Annual membership fees:__

  • General: $150
  • State SocietyMember/New Professional: $100
  • Student: $25

Council on Social Work Education (CSWE)

The Council on Social Work Education (CSWE) is the accrediting organization for all social work schools and programs. CSWE accreditation ensures a school has met minimum curriculum and training standards.
Because licensure in social work requires practitioners to hold a degree from a CSWE-accredited school, the organization holds tremendous influence over social work education and practice standards in the United States. The CSWE sets standards for such requirements as minimum number of fieldwork hours (when you find yourself working back-to-back field placements as a student, it’s because of the CSWE).

As a membership organization, the CSWE offers valuable opportunities for networking and professional growth. It helps promote best practices in the social work field for post-MSW degree holders through education sessions, peer-mentoring events, and a robust career/job-search center. Each year, CSWE hosts an annual program that “brings together more than 2,500 individual members as well as the largest gathering of graduate and undergraduate programs of professional social work education.”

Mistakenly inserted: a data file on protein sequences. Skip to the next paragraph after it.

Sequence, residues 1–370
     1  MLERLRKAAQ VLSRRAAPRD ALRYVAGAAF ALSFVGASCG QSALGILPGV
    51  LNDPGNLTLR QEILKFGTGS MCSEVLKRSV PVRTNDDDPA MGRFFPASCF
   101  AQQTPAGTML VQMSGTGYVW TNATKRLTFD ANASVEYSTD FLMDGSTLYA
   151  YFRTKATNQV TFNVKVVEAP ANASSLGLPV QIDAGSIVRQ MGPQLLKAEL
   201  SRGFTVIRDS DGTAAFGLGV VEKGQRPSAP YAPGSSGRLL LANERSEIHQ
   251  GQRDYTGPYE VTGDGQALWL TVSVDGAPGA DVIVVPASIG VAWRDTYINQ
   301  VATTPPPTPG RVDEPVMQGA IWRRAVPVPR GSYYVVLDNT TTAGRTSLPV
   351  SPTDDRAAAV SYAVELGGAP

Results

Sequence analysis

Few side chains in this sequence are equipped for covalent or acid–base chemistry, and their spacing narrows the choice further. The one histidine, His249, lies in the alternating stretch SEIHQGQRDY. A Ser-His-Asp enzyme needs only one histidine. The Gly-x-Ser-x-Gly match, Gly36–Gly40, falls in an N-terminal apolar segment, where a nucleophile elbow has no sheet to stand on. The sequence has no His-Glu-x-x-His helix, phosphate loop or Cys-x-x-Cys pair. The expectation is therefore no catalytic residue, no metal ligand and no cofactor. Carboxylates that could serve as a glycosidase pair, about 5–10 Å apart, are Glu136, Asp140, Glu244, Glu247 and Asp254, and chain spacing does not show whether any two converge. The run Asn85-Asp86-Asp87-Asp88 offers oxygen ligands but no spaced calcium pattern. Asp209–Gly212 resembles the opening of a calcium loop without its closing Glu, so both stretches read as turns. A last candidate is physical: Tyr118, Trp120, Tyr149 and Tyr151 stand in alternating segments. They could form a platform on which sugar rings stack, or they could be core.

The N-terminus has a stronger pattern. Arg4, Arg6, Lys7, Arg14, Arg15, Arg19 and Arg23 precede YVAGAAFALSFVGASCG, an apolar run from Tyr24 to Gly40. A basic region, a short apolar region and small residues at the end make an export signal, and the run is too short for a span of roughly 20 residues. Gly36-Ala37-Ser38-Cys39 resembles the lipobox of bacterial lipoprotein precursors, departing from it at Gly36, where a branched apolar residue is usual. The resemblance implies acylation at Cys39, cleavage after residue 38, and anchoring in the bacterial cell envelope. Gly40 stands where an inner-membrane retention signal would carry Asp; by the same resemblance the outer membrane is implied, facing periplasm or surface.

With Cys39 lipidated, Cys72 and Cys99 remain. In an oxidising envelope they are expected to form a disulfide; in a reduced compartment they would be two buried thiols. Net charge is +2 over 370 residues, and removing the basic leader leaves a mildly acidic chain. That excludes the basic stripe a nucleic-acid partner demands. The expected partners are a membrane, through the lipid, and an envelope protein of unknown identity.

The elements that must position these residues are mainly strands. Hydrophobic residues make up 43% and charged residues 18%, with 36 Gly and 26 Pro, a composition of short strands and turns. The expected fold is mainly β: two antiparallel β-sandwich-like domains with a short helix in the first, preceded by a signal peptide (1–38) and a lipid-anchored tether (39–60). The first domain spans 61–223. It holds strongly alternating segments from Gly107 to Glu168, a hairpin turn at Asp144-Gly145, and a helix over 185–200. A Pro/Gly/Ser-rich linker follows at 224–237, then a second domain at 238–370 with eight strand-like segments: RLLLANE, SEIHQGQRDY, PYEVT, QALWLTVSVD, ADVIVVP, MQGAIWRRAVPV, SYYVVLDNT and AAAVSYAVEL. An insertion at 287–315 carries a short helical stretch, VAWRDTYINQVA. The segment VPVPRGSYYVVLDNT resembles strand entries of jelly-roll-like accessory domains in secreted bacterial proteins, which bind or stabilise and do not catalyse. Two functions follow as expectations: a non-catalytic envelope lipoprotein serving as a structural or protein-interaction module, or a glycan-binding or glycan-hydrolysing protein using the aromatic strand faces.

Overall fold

Annual membership fees:__

  • Full member, individual, faculty or administrator: $195
  • Undergraduate/graduate: $55
  • Doctural: $95

The Network for Social Work Management

Professional development of social workers in the health and human services field is the primary focus of the Network for Social Work Management (NSWM). Any social worker in this practice area interested in supercharing his executive potential would benefit from this organization. The NSWM places a strong emphasis on promoting and strengthening leadership potential; to that end, the organization offers intensive training, mentoring, coaching and other platforms for support.

A dynamic menu of programs includes an executive circle, an annual management conference, and the Emerging Leaders Institute, which offers leadership training. A truly standout and noteworthy offering is the Changemaker of Color (COC) Healthcare Management Training Program, an “intensive leadership development training program targeted at innovative, visisionary, and emerging leaders of color.”

Annual membership fee:__ None

Rural Social Work Caucus

The Rural Social Work Caucus refers to itself as an informal organization with a “loose” membership body and structure. However, it is serious about its devotion to the practice of social work in rural areas. Each year, they partner with colleges and universities to host the “National Institute on Social Work and Human Service in Rural Areas.” The organization also promotes research and publications on the subject of rural social work. It even has its own theme song, which includes the lyrics: “As long as we can laugh and sing and let down our thinning hair/Then this traveling rural road show will pop up again somewhere.”

Annual membership fee:__ None; you just sign up!

School Social Work Association of America (SSWAA)